We recommend staying here for a day or two, not in the center of Vung Tao. People don’t speak English but are so friendly and you’ll have some adventures for sure 🙂

Now we’re currently on Con Son, Con Dao islands in the south. The sea was really rough and if we weren’t drugged with anti-sickness pills we would be puking like all the others around. We can still feel the waves after 12 h off the boat.
At first glance the island is very quiet and calm. The new roads have no traffic and it’s very windy. We’ll rent a bike and drive around to see the beaches and do some hikes.

We have a spotless room. Clean bedsheets. Two towels each. Hot shower. For 10$. It feels soooo good.
We are in Ho Chi Minh city, the capital of South Vietnam. It’s bright, full of bars, street sellers, good food.

What did we do today?
– we ate real bread after 10 months! Yuuuuum.
– we drank 4 delicious Vietnamese coffees and 5 cold beers.
– I wore shorts!
– we saw the biggest market in Ho Chi Minh.
– we saw a war museum and almost cried for couple of times (I’m even more angry with American war strategy) while looking of the pictures of mutilated children

– Mic used soap when showering.

– we had a foot massage.
– we crossed a crazy busy 10 lane street full of motorbikes and survived.

And all in a nice company of a Polish guy, traveling the world, we met in the airport 🙂 Good day.

 

This is our Myanmar all over experience in one movie.

We took two day in Yangon, just relaxing and eating good food. We even went to the cinema and saw Fury, a war drama (I wanted to see John Wick but hey, let’s watch some tanks instead :D). I love Yangon. And Mic even tried fried crickets (not cockroaches, as I first thought). He says crunchy and sweet, eeeeew 🙂

Tomorrow Vietnam! Woop woop!

It’s been already 303 days?? Seems surreal, it’s like we were planning and packing only couple of weeks ago. But then again, even memory of Nepal seems to be a bit hazy by now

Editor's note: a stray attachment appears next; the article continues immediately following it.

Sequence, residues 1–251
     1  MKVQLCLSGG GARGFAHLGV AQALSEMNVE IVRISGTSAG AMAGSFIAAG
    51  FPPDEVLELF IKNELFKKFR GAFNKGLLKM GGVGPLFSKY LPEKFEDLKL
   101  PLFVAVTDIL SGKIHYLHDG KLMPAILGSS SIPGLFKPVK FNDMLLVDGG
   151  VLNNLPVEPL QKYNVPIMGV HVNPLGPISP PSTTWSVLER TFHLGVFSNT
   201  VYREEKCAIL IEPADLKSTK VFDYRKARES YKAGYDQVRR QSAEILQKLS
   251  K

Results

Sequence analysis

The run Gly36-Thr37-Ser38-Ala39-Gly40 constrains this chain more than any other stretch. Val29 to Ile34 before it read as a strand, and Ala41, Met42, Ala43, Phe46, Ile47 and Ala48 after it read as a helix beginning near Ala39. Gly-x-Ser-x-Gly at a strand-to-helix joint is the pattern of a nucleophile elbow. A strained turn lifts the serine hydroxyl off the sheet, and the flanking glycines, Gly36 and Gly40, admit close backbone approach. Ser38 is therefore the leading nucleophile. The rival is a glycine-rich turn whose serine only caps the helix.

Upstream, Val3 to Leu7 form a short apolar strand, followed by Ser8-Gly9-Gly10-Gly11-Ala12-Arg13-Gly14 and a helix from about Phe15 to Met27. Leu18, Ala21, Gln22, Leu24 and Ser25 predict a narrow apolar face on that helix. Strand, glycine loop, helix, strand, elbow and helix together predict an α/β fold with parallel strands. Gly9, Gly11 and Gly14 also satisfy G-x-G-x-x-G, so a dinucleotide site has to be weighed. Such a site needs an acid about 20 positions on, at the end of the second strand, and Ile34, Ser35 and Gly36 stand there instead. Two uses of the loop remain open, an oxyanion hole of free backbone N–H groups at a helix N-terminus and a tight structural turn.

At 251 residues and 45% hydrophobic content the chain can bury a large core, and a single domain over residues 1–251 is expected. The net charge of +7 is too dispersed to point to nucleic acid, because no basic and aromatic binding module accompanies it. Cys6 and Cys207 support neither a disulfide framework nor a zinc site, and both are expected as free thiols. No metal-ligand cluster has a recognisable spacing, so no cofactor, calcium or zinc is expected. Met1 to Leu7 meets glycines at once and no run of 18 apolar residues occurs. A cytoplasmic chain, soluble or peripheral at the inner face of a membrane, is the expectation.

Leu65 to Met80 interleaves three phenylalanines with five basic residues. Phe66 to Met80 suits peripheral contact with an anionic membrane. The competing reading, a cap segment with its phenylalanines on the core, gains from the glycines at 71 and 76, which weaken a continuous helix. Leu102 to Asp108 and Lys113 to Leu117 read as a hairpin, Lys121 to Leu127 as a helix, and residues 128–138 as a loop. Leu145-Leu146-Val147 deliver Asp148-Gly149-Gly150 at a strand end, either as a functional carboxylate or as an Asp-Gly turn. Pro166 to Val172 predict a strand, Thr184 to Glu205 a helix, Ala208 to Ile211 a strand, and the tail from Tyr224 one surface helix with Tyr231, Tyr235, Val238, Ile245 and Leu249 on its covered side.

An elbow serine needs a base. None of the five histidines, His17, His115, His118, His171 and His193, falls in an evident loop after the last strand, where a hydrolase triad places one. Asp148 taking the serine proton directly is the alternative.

We’ve been traveling from January, we’ve visited 6 countries, lost 15 valuable things, shared one deodorant for quite some time, met some beautiful people and seen some crazy things 🙂
More than 20.000 people is following our journey, most from Slovenia, USA, UK, Germany, Brasil and Australia, and were thankful to every one.

We’re looking forward to our next countries and we’re still feeling strong enough to find the interesting places not everybody goes to. Next up is Vietnam!

Myanmar was nice and has a lot of beautiful sights to offer. Maybe we got a bit spoiled or the expectations were too high but we didn’t have the experience we wished for. We love talking to people, trekking, local life and good food. We really didn’t want to miss the classics of Myanmar but they’re so packed with tourists and also very expensive. Maybe we chose a wrong path and should have moved around smaller cities where the people are friendlier, accommodation is cheaper and there’s no tourists. Well, now we know where to go next time 🙂